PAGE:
The New York Times reports that following mockery by the US president himself, his administration has “unexpectedly” called off a project set to protect New York City from hurricane-induced flooding. Donald Trump had made derogatory comments on Twitter about the Army Corps of Engineers’ expensive proposal to build a giant sea wall, according to the paper. Bloomberg reports on a $100bn plan by the island-state of Singapore to protect itself from temperatures and flooding “way higher” than the Paris Agreement targets imply. In more regional news, Reuters reports that the low-lying Indonesian capital Jakarta has flooded for the second time this year.
Tighter restrictions could be placed on Japanese exports of coal power to developing nations “in an effort to deflect mounting international criticism over the nation’s energy policy”, the Japan Times reports. The announcement was made by environment minister Shinjiro Koizumi, who said the decision “brings Japan one step closer to achieving carbon neutrality”, according to the news site. Reuters notes that the Japanese government intends to launch a review into the issue by the end of June, and that the move comes after global pushback against Japanese support for new coal-fired plants in Indonesia and Vietnam, alongside new plants being constructed in Japan.
An opinion piece in the Sydney Morning Herald by Prof Frank Jotzo and Prof John Wiseman considers what they see as the inevitable demise of coal: “There is no doubt coal will disappear from Australia’s energy system, too. The question is just how quickly, and how messy this process will be. It is in the hand of governments to make the transition palatable”. Another piece in the same paper has comments by former prime minister Malcolm Turnbull slamming his own Liberal party for their climate action and warning of a “catastrophic” future if Australia does not move towards net-zero.
A pair of opinion pieces published by PoliticsHome consider different strategies that they see as integral to achieving the UK’s net-zero target. According to Liberal Democrat peer Lord Teverson, “locally managed and properly funded national infrastructure” is required to convert the nation’s highly inefficient housing stock. “The task is clear. To reach zero carbon our most cost-effective strategy is one of seriously upgrading the energy efficiency of our national housing stock, starting with the fuel poor. It’s not the only tool in the box, but it’s an essential one,” he writes. A second piece by Labour’s Lord West says nuclear power will be essential to meet the nation’s clean power targets. “Our nation lacks a coherent future energy policy and our civil nuclear programme is in disarray. Nuclear power is an “infrastructure project” that we must get right. Our nation needs to re-enter the race and take back the lead that was so disastrously thrown away by successive governments,” he says.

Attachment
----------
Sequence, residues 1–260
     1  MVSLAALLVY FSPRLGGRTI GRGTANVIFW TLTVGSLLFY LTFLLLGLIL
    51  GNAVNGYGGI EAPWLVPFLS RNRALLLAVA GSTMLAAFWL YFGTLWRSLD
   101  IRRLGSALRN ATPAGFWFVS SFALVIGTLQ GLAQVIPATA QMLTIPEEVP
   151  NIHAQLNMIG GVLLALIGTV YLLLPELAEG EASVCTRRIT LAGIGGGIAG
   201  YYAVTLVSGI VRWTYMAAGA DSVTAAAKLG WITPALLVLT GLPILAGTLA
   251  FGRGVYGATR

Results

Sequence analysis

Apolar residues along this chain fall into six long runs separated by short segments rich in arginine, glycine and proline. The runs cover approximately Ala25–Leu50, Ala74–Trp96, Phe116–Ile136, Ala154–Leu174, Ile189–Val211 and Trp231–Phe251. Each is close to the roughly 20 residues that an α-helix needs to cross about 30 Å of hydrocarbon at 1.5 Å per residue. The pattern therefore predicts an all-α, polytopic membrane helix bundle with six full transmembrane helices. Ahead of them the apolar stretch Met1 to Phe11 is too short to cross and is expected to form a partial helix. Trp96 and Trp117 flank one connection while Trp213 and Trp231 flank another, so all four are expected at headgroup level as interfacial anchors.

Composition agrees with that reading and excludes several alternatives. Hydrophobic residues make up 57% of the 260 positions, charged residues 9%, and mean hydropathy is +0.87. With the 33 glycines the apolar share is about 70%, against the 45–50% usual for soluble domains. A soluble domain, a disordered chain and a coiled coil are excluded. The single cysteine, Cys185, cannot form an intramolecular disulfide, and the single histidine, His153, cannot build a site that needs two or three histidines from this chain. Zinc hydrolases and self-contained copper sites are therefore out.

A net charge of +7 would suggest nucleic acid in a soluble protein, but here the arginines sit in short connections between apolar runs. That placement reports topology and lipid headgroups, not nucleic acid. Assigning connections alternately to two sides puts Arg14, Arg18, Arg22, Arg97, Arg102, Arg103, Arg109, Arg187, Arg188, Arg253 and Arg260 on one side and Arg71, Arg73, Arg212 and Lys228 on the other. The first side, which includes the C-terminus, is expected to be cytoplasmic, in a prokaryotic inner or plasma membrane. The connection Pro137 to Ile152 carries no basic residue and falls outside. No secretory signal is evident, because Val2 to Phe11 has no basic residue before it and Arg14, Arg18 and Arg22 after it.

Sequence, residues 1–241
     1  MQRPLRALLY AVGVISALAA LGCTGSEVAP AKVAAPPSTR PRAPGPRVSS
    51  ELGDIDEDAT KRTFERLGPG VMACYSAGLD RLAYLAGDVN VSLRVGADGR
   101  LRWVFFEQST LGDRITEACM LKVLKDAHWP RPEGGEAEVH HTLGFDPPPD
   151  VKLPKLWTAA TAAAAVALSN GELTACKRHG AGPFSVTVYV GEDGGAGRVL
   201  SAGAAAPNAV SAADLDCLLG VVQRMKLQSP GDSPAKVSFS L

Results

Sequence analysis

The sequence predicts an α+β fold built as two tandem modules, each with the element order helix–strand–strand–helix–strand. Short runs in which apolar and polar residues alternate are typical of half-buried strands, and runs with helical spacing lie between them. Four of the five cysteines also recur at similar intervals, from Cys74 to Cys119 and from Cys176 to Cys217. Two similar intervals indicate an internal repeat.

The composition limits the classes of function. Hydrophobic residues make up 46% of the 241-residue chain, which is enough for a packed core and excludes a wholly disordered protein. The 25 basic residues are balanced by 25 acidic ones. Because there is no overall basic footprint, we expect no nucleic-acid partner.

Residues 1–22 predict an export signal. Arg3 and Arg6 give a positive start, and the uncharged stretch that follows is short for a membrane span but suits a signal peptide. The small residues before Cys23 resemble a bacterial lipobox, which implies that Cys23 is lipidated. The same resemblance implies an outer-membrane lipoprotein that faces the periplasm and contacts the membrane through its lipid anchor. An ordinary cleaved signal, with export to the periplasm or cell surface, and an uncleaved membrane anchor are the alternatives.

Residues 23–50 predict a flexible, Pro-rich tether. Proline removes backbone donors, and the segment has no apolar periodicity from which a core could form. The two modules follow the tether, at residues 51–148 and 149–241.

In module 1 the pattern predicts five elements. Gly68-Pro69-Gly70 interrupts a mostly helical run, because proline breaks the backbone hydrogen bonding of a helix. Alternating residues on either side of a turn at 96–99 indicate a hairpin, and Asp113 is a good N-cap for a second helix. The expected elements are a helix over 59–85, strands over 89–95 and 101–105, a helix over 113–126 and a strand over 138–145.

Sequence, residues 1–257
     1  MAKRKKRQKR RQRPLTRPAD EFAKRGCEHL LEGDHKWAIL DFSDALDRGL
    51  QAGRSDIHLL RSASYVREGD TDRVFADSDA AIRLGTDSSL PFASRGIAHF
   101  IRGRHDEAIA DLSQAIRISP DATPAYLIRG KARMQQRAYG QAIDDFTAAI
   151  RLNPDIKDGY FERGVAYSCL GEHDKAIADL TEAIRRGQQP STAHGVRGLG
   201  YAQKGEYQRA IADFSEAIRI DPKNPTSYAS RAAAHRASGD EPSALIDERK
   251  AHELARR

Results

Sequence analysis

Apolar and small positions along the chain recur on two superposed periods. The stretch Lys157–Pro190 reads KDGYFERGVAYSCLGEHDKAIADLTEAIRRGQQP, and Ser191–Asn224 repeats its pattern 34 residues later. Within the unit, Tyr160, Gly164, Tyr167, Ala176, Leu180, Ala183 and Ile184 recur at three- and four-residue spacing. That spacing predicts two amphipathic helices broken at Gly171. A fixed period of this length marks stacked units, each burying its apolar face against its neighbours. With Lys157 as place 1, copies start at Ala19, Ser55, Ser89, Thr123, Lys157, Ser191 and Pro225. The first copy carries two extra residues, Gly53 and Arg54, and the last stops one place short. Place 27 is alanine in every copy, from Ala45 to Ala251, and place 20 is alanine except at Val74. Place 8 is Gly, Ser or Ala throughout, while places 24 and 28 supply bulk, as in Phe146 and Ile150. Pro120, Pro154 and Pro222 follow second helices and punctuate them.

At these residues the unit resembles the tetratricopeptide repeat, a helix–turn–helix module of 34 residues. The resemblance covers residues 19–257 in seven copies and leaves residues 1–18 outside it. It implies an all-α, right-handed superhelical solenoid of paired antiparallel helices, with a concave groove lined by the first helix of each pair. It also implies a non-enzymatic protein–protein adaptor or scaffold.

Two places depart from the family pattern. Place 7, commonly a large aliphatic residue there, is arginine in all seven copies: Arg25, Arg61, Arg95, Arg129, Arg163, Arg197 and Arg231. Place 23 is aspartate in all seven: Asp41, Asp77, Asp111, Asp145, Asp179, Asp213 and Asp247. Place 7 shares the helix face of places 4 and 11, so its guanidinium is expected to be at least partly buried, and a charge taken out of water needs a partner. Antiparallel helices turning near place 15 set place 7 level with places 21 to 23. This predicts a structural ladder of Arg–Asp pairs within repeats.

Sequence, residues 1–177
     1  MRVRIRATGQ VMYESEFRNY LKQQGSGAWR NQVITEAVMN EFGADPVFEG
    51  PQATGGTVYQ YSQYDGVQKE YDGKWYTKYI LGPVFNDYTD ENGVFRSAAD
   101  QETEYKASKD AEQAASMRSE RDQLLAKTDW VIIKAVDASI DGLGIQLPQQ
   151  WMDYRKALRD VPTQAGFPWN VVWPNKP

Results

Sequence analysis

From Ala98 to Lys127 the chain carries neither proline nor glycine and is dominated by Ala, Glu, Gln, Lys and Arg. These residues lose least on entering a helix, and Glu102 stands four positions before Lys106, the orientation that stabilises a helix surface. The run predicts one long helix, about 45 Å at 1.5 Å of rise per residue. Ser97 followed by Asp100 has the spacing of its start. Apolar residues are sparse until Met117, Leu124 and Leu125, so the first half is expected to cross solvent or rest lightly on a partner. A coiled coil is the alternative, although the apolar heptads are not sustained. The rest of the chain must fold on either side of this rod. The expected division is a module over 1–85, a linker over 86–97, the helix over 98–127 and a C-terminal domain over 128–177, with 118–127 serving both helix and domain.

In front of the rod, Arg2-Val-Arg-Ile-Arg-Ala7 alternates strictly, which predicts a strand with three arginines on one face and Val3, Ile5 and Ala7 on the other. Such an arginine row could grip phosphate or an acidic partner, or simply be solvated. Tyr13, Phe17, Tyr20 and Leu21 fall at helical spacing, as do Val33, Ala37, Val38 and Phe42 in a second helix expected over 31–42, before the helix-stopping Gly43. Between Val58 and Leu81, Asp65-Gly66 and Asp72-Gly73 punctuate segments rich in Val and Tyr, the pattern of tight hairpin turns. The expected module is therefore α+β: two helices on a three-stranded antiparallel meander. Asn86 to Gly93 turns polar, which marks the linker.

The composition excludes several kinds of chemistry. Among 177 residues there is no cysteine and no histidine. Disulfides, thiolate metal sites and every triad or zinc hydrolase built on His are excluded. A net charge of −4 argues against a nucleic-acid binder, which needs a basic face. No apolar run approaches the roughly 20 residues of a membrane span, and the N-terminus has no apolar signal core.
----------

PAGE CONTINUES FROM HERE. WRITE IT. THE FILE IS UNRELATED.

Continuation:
The Daily Telegraph has published a piece suggesting the electric transport revolution “isn’t as green as you think” due to e-waste from the new cars. Carbon Brief has previously published an analysis exploring the lifetime emissions of electric vehicles, in response to misleading media reports on the topic.
Reflecting on pledges by the likes of BP to take climate action, an editorial in the Los Angeles Times is not optimistic about the impact such grand statements will have: “Of course, baby steps by a handful of oil-and-gas companies aren’t going to do much to combat overall emissions. Similarly, the Trillion Trees Initiative, which President Trump touted in his State of the Union address, won’t do an awful lot, either. In fact, it’s one of those fig-leaf solutions that offers a pretence of significant action against global warming while ignoring the most pressing problem — the burning of fossil fuels in the first place.” It concludes that “far, far more needs to be done”, particularly regarding the conversion of the energy system of renewables, and says while such a transition will be expensive: “It must be done before the supposedly most intelligent of the animal species manages through greed and wilful ignorance to propel the collapse of global ecosystems”.
Climate change played a “dominant role” in driving down rainfall from the South China Sea summer monsoon from the period 1964-81 to 1994-2011, a new study finds. The study uses modelling to assess the impact of both human-produced greenhouse gases and aerosols on changes to the South China Sea summer monsoon over the late 20th century. Greenhouse gas emissions may have weakened rains by warming the tropical Pacific, which is associated with weakened ocean-air circulation patterns, the authors say.